Several proto-orthodox authors in the early church mention with approval the “Didache (literally, “The Teaching”) of the Twelve Apostles”; some of them view it as standing just on the borders of the canon.1 But the book was eventually lost from view, until a copy was discovered in 1873 in a monastery library in Constantinople. Since then the book has made a signiﬁcant impact on the way scholars understand the social life and ritual practices of the early church. For this is the ﬁrst “church manual” to have survived from early Christianity. The ﬁrst part of the book describes the “Two Paths of Life and Death” (see Introduction to the Epistle of Barnabas). The Path of Life (chaps. 1–4) is paved with upright behavior: the author’s readers are to love one another, avoid evil desires, jealousy and anger, give alms to the poor, obey God’s commandments, and generally lead morally respectable lives. Many of these instructions reﬂect the teachings of Jesus from Matthew’s Sermon on the Mount (e.g., praying for one’s enemies, turning the other cheek, and going the extra mile). As might be expected, the Path of Death (chap. 5) involves the opposite sorts of behavior: “murders, adulteries, passions, sexual im moralities, robberies,” and sundry other transgressive activities. The bulk of the rest of the book gives instructions for the ritual practices and social interactions of the Christian community (chaps. 7–15), including directions for how to perform baptisms (preferably in cold, running water), when to fast (every Wednesday and Friday), what to pray (the Lord’s Prayer, three times a day), and how to celebrate the Eucharist (ﬁrst giving thanks for the cup, then the bread). Near the end of these instructions the author addresses the problem of wandering “apostles,” “teachers,” and “prophets” of dubious moral character; evidently, some scoundrels had become itinerant Christian preachers simply for ﬁnancial gain. The communities are to test the sincerity of these wandering ministers and to limit the length of their stay at the community’s expense; moreover, the communities are to appoint leaders of their own to direct their affairs.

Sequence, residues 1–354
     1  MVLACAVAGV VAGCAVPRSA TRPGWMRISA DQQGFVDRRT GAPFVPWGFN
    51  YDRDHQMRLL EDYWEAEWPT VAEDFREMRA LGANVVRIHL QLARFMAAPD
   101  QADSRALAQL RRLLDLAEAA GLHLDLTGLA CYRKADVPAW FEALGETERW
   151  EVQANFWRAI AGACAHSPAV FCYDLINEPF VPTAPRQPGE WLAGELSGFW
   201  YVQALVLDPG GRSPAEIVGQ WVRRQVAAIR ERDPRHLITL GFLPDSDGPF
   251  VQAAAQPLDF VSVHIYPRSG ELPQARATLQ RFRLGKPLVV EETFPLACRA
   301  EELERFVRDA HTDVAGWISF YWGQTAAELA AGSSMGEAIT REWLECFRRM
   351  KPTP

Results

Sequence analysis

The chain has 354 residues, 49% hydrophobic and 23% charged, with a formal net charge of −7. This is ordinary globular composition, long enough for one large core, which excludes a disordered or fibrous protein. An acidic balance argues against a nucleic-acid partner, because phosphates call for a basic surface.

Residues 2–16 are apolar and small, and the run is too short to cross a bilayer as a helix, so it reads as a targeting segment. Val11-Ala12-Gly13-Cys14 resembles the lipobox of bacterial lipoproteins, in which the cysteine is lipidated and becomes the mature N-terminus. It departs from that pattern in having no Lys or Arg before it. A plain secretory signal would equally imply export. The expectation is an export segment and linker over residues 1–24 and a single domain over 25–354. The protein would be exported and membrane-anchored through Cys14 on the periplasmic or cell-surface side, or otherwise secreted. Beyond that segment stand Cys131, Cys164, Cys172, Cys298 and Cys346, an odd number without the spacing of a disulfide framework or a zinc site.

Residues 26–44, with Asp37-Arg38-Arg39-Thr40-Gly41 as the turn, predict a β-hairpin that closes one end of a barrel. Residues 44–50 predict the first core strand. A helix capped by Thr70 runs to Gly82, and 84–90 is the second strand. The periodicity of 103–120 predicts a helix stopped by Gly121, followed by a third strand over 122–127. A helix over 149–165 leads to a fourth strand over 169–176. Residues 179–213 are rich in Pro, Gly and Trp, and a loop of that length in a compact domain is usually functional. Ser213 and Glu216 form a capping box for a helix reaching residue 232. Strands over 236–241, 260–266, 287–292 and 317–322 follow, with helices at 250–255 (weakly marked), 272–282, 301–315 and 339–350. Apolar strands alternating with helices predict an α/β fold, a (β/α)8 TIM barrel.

1 See the Canons of Athanasius and Eusebius. For further information on the Didache, see Ehrman, Lost Christianities, 48–49.
Translation by Bart D. Ehrman, in The Apostolic Fathers, vol. 1 (Loeb Classical Library; Cambridge, Mass.: Harvard University Press, 2003); used with permission.